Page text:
Pharmacogenomics and Personalized Medicine

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Clinical Genotyping and Personalized Medicine
Michael D. Kane, PhD
(1) Associate Professor of Bioinformatics
(2) University Faculty Scholar
(3) Chair of Graduate Education
Department of Computer and Information Technology
(4) Lead Genomic Scientist
Bindley Bioscience Center at Discovery Park
Purdue University
West Lafayette, Indiana, USA
bioinformatics.tech.purdue.edu
At the current rate of genomic
sequencing worldwide, a new
gene sequence is derived
every 1.7 seconds!
…equivalent to 500 DNA base
pairs every second of every
day!
Genetic Variance
Single Nucleotide Polymorphisms (SNPs) are simple changes (or
differences) in the DNA sequence that may have little or no
impact on human health. They represent 90% of all human
genetic variations.
Genetically similar to a mutation, but distinct in that a SNP is not
causal to a clinical disease or disorder.
Genetic Variance
Important Consideration: Inheritance
The appearance of deleterious mutations during evolution tend to NOT be
inherited for obvious reasons (those that affect growth, reproduction and
viability).
…and our modern existence is the result of millions of years of tolerated (and
occasionally beneficial) changes in our genome, which is most often evident in
what natural products we can and cannot eat or consume (think: evolutionary
pressure & natural selection)
Monomethyl Hydrazine (in “False” Morel Mushrooms)
(there are many examples of “toxins” in nature, many of them
are presumably synthesized to prevent consumption
or predation of the host plant or organism)
Tylenol: Acetaminophen (Cats?)
Modern drug discovery & development falls outside the
tolerances & toxicity that have resulted from evolution,
because most of these compounds have NEVER been seen in
nature, and natural-based pharmaceuticals are
concentrated and enriched for dosing purposes.
Adverse Drug Reactions
 More than 770,000 patients die or sustain serious injury every
year in the U.S. from Adverse Drug Reactions (ADRs).
 ADRs are typically the 5th leading cause of death in the United
States and are one of the leading, preventable public health issues
today.
 In terms of total health care dollars, ADRs cost the U.S. health
care system between $1.5 and $5.4 billion per year.
 It is estimated that human genetic variation (SNPs) have been
account for approximately 30% of all ADRs.
Pharmacogenomics and Personalized Medicine
Pharmacogenomics involves genetic differences in the
human population that alter the safety and efficacy of drugs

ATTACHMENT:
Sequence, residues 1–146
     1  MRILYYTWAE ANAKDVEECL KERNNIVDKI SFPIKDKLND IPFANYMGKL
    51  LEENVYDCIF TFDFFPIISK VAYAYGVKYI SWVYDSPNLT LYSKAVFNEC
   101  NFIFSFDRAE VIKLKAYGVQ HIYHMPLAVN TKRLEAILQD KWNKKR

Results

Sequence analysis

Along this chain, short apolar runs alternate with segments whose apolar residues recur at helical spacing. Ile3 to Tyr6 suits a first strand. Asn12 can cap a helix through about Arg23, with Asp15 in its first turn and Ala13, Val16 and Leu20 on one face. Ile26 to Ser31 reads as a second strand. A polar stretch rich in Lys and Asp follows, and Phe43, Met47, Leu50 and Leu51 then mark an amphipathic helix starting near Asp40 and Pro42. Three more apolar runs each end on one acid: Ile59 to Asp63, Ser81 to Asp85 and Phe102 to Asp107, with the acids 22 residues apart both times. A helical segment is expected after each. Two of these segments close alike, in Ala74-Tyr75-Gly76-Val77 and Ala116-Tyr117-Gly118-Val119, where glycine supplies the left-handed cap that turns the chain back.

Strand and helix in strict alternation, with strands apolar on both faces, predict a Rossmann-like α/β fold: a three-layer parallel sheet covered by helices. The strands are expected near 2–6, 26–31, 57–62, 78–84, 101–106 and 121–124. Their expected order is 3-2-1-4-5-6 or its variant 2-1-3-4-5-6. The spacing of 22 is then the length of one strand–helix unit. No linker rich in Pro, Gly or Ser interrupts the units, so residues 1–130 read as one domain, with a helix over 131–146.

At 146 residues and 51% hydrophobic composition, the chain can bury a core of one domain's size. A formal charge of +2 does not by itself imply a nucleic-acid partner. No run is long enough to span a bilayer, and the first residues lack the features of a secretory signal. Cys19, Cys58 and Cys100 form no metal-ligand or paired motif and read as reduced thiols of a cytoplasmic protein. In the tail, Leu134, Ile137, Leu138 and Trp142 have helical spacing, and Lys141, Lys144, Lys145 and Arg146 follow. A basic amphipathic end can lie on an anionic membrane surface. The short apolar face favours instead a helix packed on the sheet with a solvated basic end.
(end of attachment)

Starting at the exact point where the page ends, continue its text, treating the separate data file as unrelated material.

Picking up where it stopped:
(from the “normal” or “typical” patient).
For the healthcare consumer, most of these genetic
differences have an effect on (1) drug metabolism
(pharmacokinetics) or (2) drug action (pharmacodynamics).
Personalized Medicine involves understanding how some
genetic markers impact drug safety and efficacy, and
PREDICTING how a patient will respond to a specific
drug/dose (based on the patient’s genetic profile).
Pharmacogenomics and Personalized Medicine
Drug Metabolism and Personalized Medicine: Oxidative enzymatic
“breakdown” of the dosed drug, primarily in the liver.
1) Normal Metabolism: The drug is cleared from the body at the rate
established by the pharmaceutical manufacturer.
2) Ultra Metabolism: The patient harbors a genetic allele that
INCREASES the rate of drug metabolism and clearance.
3) Poor Metabolism: The patient harbors a genetic allele that
DECREASES the rate of drug metabolism and clearance.
Pharmacogenomics and Personalized Medicine
1 in 5 people harbor a SNP that alters the drug
metabolism or drug activity of at least one FDA
approved drug.
The effect of this genetic variation in the population
does not always represent a serious risk to the
patient, but may effect patient compliance and other
“side effects” related issues that negatively impact
health outcomes.
Pharmacogenomics and Personalized Medicine
Warfarin (Coumadin): Anticoagulation. EXAMPLE: If you are prescribed WARFARIN,
you have a condition that may generate potentially life-threatening blood clots. If you are
dosed with too much WARFARIN you could experience serious complications due to
internal bleeding, yet if you are dosed with too little WARFARIN you may be in danger of
serious consequences associated with circulating emboli due to excessive blot clotting.
Warfarin Metabolism (hepatic)
CYP2C9 to 6-hydroxywarfain
Warfarin Drug Action (circulator system)
Vitamin K Epoxide Reductase Complex 1
(VKORC1) Inhibitor
Pharmacogenomics and Personalized Medicine
GENESCRIPTION was developed as an educational tool that models the
FUTURE of applied personalized medicine.
The online portal models a drug dispensing environment (pharmacist) where the
user is presented with a patient that has:
1) DNA screened to identify any SNPs related to drug safety and efficacy.
2) Prescribed a drug that is affected by a SNP related to drug safety and efficacy.
3) Provides predictive information regarding the safety and efficacy of the
prescribed drug in the patient.
www.genescription.com
Genescription is a free, online instructional utility available to the public, and can
be accessed and utilized by anyone with an internet connection.
Dosing curve of a 10 mg oral dose in a “normal” metabolizer
From: www.genescription.com
Dosing curve of a 10 mg oral dose in a “poor” metabolizer
From: www.genescription.com
Dosing curve of a 10 mg oral dose of Warfarin in a “poor” metabolizer
From: www.genescription.com
Dosing curve of a 10 mg oral dose of Warfarin in a VKORC1-SNP Patient
From: www.genescription.com
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